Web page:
Fox Business News recently ran an interesting question from a viewer named David. He asked whether an authorized user on a credit card (as distinct from a joint credit card holder) is responsible for all charges incurred if the cardholder passes away. The article correctly pointed out that being an authorized user doesn’t mean that you are responsible for the charges incurred. However, in community property states such as California, if the authorized user is also married to the cardholder, the spouse is responsible for paying half the charges if the couple divorces.
Community property is a set of rules that exist in only a handful of states. Under these rules, everything earned or purchased during the course of a marriage is legally the property of both spouses. Even pensions and 401K plans are included (though only the money added during the marriage). However, what some people may not realize is that community property also applies to debts. If you and your spouse individually incurred debts during the course of your marriage, you are generally both responsible for paying them off following dissolution of the marriage.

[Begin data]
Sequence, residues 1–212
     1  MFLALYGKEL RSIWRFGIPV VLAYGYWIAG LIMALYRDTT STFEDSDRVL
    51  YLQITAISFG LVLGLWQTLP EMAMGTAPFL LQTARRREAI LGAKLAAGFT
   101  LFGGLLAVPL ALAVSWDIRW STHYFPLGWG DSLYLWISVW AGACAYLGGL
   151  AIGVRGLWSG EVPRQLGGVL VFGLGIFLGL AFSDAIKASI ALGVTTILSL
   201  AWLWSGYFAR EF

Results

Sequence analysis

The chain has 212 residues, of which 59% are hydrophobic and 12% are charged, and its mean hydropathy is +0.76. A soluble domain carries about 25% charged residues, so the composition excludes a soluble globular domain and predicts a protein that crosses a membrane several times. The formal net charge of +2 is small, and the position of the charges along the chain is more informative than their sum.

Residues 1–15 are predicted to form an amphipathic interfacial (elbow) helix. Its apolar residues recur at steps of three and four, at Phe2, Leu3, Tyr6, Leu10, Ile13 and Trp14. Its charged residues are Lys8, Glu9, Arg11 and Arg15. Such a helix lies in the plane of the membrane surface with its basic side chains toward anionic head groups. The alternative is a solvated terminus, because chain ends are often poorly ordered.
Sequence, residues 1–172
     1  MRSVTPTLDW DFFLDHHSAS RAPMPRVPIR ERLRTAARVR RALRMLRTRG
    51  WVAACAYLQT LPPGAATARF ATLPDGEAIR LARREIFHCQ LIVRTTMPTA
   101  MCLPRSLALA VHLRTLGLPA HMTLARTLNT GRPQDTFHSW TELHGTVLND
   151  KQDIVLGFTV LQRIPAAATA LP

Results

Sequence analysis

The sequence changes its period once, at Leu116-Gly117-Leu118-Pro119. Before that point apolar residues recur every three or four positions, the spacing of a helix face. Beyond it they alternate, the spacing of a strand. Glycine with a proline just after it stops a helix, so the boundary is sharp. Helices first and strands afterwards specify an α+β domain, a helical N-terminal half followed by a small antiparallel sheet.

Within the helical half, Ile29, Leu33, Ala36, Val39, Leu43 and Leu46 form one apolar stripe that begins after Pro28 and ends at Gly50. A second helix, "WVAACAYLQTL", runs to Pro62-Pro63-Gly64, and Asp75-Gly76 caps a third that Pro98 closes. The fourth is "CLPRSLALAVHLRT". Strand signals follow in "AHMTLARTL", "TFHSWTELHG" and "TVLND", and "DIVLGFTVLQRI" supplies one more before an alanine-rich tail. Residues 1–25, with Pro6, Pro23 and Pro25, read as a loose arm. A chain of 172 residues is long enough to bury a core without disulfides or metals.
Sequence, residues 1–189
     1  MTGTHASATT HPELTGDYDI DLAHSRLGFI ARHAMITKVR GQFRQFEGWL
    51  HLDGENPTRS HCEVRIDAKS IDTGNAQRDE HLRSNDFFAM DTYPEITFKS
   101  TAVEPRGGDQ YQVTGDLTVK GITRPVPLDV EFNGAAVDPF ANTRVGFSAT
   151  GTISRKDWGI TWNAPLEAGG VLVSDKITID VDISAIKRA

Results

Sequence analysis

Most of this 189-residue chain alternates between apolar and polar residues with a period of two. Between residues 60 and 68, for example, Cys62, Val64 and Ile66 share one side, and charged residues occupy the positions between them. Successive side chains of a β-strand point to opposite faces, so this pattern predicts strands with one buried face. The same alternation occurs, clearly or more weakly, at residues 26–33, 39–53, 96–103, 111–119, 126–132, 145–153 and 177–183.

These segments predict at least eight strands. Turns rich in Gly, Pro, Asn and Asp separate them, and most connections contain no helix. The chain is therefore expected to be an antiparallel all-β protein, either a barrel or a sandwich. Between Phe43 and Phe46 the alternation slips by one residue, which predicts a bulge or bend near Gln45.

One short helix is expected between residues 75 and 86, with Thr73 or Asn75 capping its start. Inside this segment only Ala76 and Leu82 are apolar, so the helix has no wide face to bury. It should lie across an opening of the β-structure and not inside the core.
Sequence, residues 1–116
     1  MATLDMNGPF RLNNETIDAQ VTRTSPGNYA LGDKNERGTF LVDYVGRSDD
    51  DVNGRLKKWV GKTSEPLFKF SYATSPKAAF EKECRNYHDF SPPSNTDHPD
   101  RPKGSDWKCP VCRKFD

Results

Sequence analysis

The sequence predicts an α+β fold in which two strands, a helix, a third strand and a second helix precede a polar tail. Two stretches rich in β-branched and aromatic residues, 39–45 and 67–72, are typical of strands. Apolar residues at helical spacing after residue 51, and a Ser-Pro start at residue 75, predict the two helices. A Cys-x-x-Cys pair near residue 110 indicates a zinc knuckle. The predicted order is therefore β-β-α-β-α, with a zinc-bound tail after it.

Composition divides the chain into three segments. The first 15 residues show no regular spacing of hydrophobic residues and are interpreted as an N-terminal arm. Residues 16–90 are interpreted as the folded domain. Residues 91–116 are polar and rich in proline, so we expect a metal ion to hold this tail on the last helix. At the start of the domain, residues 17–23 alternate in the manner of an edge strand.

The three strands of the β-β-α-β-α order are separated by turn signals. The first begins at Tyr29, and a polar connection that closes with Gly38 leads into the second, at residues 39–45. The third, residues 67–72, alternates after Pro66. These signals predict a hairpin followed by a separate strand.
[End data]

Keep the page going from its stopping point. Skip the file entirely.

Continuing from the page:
When you get divorced in California, it can be difficult to prove what community property is and what property you possessed before the marriage is, or what you received as a gift during your marriage. Protecting your own assets, as well as your rights to any assets your spouse may claim, can be difficult unless you hire a qualified family law attorney who can fight for your rights. This is especially important when substantial estates or debts are involved in the divorce proceedings.
Posted in Divorce